Franklin Delano Roosevelt (March 4, 1933): I am certain that my fellow Americans expect that on my induction into the Presidency I will address them with a candor and a decision which the present situation of our Nation impels...
Franklin Delano Roosevelt (March 4, 1933): I am certain that my fellow Americans expect that on my induction into the Presidency I will address them with a candor and a decision which the present situation of our Nation impels...
March 13, 2018 at 05:20 AM in Economics: Growth, Economics: Inequality, Economics: Macro, History, Moral Responsibility, Philosophy: Moral, Political Economy, Politics, Streams: Across the Wide Missouri, Streams: Economics, Streams: Equitable Growth, Twentieth Century Economic History | Permalink | Comments (0)
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Real GDP per Worker:
Books to Reread: John Maynard Keynes (1931): Essays in Persuasion: "Here are collected the croakings of twelve years—the croakings of a Cassandra who could never influence the course of events in time...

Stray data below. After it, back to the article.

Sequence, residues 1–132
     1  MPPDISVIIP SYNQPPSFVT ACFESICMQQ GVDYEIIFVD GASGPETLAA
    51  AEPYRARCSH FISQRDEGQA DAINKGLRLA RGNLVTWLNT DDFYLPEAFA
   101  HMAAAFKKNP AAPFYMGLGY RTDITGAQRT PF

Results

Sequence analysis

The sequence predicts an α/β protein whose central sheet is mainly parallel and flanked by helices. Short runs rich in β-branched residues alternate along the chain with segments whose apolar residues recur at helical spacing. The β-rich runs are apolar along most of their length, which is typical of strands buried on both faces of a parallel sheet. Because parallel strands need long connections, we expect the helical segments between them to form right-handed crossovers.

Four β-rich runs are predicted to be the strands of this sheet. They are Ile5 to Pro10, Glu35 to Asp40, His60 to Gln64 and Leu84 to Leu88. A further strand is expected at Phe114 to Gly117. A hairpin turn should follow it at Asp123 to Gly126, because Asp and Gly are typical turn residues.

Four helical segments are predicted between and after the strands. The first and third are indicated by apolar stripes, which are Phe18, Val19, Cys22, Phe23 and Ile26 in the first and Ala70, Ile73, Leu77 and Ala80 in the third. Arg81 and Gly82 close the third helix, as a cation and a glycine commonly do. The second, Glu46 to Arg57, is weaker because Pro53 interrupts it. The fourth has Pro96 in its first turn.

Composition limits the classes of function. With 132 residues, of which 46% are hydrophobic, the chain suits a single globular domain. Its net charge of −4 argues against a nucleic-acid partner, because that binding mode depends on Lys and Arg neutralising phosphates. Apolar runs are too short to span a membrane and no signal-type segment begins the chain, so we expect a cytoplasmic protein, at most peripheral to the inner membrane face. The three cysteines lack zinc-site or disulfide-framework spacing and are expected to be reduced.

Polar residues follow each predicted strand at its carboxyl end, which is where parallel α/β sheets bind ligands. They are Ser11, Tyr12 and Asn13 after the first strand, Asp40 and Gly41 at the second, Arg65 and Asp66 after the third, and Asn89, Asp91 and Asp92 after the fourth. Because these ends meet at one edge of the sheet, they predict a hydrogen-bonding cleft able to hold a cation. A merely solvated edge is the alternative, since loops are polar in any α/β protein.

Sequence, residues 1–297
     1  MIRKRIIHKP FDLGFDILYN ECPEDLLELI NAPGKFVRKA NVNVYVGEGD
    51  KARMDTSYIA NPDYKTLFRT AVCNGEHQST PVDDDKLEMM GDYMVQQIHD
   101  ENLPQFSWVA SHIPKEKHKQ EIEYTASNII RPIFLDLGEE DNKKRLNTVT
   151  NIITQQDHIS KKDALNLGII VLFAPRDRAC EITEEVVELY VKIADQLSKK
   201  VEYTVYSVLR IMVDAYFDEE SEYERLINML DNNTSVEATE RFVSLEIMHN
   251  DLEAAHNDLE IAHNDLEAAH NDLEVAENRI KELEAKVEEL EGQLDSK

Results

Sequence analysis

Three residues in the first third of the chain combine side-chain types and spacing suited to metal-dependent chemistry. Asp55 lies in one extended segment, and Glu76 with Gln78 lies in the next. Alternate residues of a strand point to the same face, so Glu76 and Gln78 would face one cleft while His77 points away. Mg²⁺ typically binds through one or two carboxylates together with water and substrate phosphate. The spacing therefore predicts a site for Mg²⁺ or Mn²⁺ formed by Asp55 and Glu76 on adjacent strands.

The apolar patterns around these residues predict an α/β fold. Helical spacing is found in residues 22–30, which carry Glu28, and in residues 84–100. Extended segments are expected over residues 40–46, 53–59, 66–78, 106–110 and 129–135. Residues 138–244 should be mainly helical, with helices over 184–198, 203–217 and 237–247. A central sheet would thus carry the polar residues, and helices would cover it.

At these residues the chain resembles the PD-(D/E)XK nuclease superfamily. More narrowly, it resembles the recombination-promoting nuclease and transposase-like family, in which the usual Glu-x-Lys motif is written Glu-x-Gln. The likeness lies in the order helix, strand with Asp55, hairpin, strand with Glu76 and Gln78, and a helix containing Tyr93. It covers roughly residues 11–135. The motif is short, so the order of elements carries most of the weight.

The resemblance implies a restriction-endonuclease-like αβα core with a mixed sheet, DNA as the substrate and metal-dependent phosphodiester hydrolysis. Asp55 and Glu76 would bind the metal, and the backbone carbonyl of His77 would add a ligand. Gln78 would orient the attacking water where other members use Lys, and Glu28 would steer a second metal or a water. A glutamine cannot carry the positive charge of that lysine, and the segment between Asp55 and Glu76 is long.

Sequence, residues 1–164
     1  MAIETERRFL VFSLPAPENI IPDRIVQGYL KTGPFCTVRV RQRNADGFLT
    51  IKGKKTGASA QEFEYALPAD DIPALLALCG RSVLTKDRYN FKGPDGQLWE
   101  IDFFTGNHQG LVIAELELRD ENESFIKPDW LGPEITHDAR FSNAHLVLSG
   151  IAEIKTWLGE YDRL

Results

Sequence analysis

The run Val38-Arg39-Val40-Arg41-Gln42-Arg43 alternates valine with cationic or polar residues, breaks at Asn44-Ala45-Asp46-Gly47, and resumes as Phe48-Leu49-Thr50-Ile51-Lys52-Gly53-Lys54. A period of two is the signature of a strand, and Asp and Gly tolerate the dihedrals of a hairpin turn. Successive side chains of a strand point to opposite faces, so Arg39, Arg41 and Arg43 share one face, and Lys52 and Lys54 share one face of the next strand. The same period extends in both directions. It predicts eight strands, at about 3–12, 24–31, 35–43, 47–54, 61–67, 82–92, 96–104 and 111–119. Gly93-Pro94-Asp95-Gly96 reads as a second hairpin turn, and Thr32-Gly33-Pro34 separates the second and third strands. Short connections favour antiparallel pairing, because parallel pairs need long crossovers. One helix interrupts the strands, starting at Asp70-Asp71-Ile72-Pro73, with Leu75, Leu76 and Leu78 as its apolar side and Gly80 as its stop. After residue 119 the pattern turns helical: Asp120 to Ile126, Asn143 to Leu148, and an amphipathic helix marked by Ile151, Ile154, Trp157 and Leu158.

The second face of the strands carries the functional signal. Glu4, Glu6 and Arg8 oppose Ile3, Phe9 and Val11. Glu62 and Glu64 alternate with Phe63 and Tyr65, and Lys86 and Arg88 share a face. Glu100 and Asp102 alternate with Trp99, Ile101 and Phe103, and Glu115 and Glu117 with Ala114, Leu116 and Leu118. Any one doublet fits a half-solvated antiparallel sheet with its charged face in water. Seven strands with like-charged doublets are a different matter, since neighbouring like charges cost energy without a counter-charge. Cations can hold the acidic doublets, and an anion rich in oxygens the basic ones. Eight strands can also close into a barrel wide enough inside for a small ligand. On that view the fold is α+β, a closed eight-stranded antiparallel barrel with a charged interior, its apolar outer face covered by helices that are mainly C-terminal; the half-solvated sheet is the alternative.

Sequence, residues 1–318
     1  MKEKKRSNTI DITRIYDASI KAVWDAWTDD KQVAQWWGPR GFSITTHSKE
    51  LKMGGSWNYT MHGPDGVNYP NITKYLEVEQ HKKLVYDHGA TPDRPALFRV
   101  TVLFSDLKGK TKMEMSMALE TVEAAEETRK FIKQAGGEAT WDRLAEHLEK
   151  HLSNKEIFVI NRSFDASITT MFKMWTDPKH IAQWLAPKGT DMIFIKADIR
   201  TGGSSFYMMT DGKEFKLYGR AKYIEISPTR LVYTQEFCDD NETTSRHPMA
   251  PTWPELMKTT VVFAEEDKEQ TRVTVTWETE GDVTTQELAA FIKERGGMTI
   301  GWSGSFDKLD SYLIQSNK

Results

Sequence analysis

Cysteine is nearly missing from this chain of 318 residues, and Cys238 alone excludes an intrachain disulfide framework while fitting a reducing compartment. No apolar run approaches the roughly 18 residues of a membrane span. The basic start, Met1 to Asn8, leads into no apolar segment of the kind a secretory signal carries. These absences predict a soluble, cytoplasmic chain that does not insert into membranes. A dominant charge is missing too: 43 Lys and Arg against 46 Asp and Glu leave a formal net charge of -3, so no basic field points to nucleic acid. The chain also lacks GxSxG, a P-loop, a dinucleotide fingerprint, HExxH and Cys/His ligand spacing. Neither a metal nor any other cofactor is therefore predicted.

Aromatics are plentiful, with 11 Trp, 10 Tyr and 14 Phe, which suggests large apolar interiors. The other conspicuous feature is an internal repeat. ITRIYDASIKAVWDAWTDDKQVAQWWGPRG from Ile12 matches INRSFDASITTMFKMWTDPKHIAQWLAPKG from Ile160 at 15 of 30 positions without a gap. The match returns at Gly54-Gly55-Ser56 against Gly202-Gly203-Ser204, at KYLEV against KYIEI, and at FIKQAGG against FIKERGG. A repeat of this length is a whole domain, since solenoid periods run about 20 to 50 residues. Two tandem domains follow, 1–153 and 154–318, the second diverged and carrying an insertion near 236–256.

Something that has puzzled me for quite a while: Keynes's General Theory contains remarkably few references to fiscal policy in any form:
"Government spending": no matches...
"Government purchases": no matches...
Everybody interested in macroeconomics or macroeconomic policy should know this topic backwards and forwards by heart. My problem is that I do not see how I can add value to it. The only thing I can think of to do is to propose two rules:
I do wish that those who were not bad actors who made mistakes would 'fess up to them. Those who don't will get moved to the "bad actor" category: and, yes, I am looking at you, Marvin Goodfriend.
The only remaining question, I think, is whether these should all be read in chronological or reverse chronological order. I find myself torn, with arguments on both sides having force:
Paul Krugman (2018): It’s Baaack, Twenty Years Later https://www.gc.cuny.edu/CUNY_GC/media/LISCenter/pkrugman/Its-baaack.pdf